Shut it down. Shut it down now.
Shorter Adam Nagourney and Peter Baker:
We lied about George W. Bush for eight years--pretended he was a competent president running a rational administration when we were dining out on stories of his and his administration's fecklessness all across Washington--and now that we have a competent president running a rational administration, we're going to lie in the other direction for the next eight years.
"Enervating": The president was "not...fiery and inspirational," write Peter Baker and Adam Nagourney in the morning NYT. "Placid and unsmiling, he was the professor in chief, offering familiar arguments in long paragraphs -- often introduced with the phrase, 'as I said before' -- sounding like the teacher speaking in the stillness of a classroom where students are restlessly waiting for the ring of the bell.
"This was Mr. Obama as more enervating than energizing."
In one Baker-Nagourney sentence, even a compliment is only a prologue to a dig that, come to think of it, might help explain why they're so petulant:
He showed his usual comfort with a wide array of subjects, even as he excluded the nation's big newspapers from the questioning in favor of a more eclectic mix.
My italics but their pique. Take that, Barack Obama, you pompous pedagogue, stringing together whole sentences and indeed paragraphs as if Americans were entitled to hear a line of reasoning. Take that if you dare to exclude "the nation's big newspapers" even as they prove less big every day.
Contrast, for a moment, NYT coverage of George W. Bush's first press conference, on Feb. 22, 2001, a month into his first term. Bush, wrote Frank Bruni in the operative clause of his lede, "sought to redirect public attention to, and amass public support for, his proposed $1.6 trillion tax cut."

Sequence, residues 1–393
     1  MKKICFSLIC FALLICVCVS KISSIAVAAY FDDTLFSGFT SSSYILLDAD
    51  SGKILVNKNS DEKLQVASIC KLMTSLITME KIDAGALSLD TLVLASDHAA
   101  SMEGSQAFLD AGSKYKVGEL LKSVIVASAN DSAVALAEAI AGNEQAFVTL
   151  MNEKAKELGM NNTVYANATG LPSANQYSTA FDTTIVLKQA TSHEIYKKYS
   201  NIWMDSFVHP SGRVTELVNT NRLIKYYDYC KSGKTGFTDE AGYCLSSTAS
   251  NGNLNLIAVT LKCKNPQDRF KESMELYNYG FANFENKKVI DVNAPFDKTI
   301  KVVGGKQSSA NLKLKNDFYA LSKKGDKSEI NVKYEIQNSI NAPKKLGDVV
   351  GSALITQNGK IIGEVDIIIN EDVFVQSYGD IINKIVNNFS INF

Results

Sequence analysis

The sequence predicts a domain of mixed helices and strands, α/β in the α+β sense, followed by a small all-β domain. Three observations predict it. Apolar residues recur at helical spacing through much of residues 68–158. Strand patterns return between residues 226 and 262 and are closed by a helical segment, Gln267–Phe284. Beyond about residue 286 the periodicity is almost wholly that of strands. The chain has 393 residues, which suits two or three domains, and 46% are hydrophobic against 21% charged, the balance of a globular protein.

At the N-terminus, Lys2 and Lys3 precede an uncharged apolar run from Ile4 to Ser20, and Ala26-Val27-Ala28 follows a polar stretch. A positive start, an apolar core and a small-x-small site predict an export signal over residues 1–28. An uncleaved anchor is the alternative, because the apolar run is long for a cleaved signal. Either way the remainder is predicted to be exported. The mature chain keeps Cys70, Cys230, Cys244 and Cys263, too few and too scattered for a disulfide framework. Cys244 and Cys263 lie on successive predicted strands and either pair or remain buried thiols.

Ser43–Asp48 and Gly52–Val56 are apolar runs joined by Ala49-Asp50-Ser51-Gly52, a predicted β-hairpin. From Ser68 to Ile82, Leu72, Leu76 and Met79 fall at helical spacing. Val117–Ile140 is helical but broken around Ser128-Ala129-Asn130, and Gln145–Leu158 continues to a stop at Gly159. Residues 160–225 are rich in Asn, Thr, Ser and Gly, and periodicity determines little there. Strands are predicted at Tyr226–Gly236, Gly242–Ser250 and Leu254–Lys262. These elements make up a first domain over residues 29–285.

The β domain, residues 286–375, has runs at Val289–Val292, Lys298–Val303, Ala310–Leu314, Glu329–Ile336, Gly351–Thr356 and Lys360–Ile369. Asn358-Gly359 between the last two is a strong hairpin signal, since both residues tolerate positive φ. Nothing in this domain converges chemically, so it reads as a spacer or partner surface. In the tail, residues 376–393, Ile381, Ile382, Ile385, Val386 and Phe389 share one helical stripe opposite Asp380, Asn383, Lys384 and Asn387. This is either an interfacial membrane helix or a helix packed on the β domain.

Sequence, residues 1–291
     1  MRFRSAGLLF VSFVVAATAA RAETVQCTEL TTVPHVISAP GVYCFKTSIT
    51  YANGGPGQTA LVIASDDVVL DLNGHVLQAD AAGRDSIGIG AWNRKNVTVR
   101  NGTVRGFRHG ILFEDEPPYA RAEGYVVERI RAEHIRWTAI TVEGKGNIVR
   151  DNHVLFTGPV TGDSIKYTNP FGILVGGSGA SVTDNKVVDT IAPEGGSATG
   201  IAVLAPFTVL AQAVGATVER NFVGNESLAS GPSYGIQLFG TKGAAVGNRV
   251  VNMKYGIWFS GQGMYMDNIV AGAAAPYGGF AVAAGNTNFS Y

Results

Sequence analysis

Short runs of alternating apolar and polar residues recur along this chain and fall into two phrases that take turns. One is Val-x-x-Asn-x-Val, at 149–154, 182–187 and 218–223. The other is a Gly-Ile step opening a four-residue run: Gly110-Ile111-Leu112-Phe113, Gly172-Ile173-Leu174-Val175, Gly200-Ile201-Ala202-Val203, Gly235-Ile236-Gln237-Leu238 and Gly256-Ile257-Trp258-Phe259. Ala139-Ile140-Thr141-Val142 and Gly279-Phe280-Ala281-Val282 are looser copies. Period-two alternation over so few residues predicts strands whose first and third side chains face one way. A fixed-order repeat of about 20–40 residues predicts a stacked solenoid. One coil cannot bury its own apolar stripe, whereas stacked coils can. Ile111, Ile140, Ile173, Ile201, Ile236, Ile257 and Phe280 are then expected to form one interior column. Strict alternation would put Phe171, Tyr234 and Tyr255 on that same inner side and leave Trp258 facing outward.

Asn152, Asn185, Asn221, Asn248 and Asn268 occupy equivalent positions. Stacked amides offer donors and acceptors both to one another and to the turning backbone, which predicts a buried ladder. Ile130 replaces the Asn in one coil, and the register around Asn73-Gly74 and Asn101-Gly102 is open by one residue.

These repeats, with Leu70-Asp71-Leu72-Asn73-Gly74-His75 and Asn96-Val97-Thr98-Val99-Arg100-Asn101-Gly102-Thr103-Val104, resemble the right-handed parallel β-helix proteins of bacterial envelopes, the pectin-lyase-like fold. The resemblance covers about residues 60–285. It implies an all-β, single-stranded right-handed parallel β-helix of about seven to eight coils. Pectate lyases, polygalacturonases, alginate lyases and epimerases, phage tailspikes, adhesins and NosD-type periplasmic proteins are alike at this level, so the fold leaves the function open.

That is, Bush had a political goal and pursued it. He was purposeful. His style of pursuing it wasn't Bruni's prime subject. The fact that some of his statements made no sense, or worse, was not worthy of notice.
Take a look at the transcript of Bush's press conference. Here's one exchange in the midst of a discussion of Iraq sanctions:
Q. How would you characterize sanctions that work, sir?
MR. BUSH. Sanctions that work are sanctions that, when a -- the collective will of the region supports the policy. That we have a coalition of countries that agree with the policy set out by the United States. To me, that's the most effective form of sanctions. Many nations in that part of the world aren't adhering to the sanction policy that had been in place. And as a result, a lot of goods are heading into Iraq that were not supposed to. And so a good sanction policy is one where the United States is able to build a coalition around the strategy.
This wasn't just a syntactical and logical mishmash. It was a clue--a mighty revealing one, as it turned out--to the mind of George W. Bush. Note: When pressed, Bush defined "work" as "agree with the policy set out by the United States." Things are good when they go our way. Effectiveness means toeing the American line. Long before September 11, George W. Bush was displaying his definitive assumption about how to rule. But that tree fell in the forest when Frank Bruni wasn't paying attention. Rather, Bush's press conference, Bruni wrote,
offered Mr. Bush an opportunity both to be heard over the din of questions about the Clinton pardons and to test his dexterity in front of scores of reporters with something of a safety net beneath him. "To test his dexterity." From what Bruni wrote, Bush must have passed the test, since the fact that Bush's answer about sanctions overtly made no sense (though covertly signaled something important) was not deserving of notice.
But at least when George W. Bush stood tall in the White House we didn't have any of that persnickety, fussy, lugubrious, pompous, professor stuff, and the
nation's watchdogsfidgety students weren't bored out of their gourds "waiting for the ring of the bell."